Kimmy’s adventures in the big city after 15 years of captivity continue, as does her can-do attitude and unassailable good mood for a second season of Netflix’s Unbreakable Kimmy Schmidt. The show’s first season had the clear mission of showcasing Kimmy’s ineptitude with dealing with the trappings of the twenty-first century due to her stunted knowledge of pop-culture, stunted in 90’s lingo, catchphrases, fashion, and technology. The show worked well also because the first season’s endgame was the trial of the cult leader who had kidnapped Kimmy and three other women for years in an underground bunker. Such a strong storytelling arch really helped frame the show and allowed the viewer to jump aboard the crazy train full of a motley cast of zany characters, even when not all the jokes fully landed and when the show decided to delve into some weird and unfunny plot points (most of which involving bizarre takes on race). All things considered, I was a big fan of the first season, I discussed it here on this blog as one of my first posts last year, and convinced several friends to give the show a go.
I am still a fan of the series, but a bit more hesitant and less enthusiastic than I was last year. Firstly, the show has no clear framing this season. It’s just a set of 13 loosely related episodes that continue to showcase Kimmy (Ellie Kemper) and her weird friends living in the city and having “weekly” adventures. The closest the show comes to a theme this season is Lillian’s (Carol Kane) constant fight against gentrification. The second season also seems to be tonally dissonant with the first’s: in the first season there was a lot of bite and what felt like subversive elements wrapped up in a distracting shiny and overly happy bow. This time around everything felt a bit more sanitized and less daring, more like a Sesame Street approach. There are still a ton of funny bits, like when Titus (Tituss Burgess) happily plays a piano on the sidewalk with the word BEDBUGS emblazoned on it in spray paint (a truly nightmarish scenario to anyone even passingly familiar with the havoc the critters can wreak on one’s life). More perplexing, though, was that this year the show seemed to take on too much of the tone and characteristics of Tina Fey’s previous show, 30 Rock, and lost a bit of what made Kimmy different and its own animal.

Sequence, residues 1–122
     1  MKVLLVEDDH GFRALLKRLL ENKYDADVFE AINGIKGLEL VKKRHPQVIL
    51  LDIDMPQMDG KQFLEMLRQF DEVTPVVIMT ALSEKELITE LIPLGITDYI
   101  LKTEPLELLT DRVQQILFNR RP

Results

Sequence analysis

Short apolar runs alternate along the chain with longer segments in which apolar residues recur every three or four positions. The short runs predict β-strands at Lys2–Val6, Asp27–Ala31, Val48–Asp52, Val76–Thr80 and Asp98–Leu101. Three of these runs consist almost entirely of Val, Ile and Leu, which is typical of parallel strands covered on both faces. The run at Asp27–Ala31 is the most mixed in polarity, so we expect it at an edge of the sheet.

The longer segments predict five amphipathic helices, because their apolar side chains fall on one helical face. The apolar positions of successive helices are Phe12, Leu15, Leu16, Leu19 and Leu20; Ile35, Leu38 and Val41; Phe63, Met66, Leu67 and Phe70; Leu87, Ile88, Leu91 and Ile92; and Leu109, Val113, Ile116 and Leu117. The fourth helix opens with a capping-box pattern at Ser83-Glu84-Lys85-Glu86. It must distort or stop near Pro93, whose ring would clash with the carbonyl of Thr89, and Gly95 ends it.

I was quite disappointed with how the show continued to miss the mark in regard to its discussion of race. After the criticism that the first season faced, especially concerning its depiction of Native Americans and East Asian characters, many expected the show to switch things up a bit. Instead, the second season goes after these jokes harder than ever and is completely unapologetic and brazen about it. Sometimes it weirdly and shockingly does work, like Titus performing a one man show about his past life as a Japanese geisha, but sometimes it seems the show is just trying to raise a middle finger to the easily offended and to “PC” attitudes and mentalities, which is all fine and dandy if you can do so in a smart way and/or be funny about it. In general, though, the show still hasn’t figured out how to do it successfully, and sometimes this can leave a bad taste in the mouth.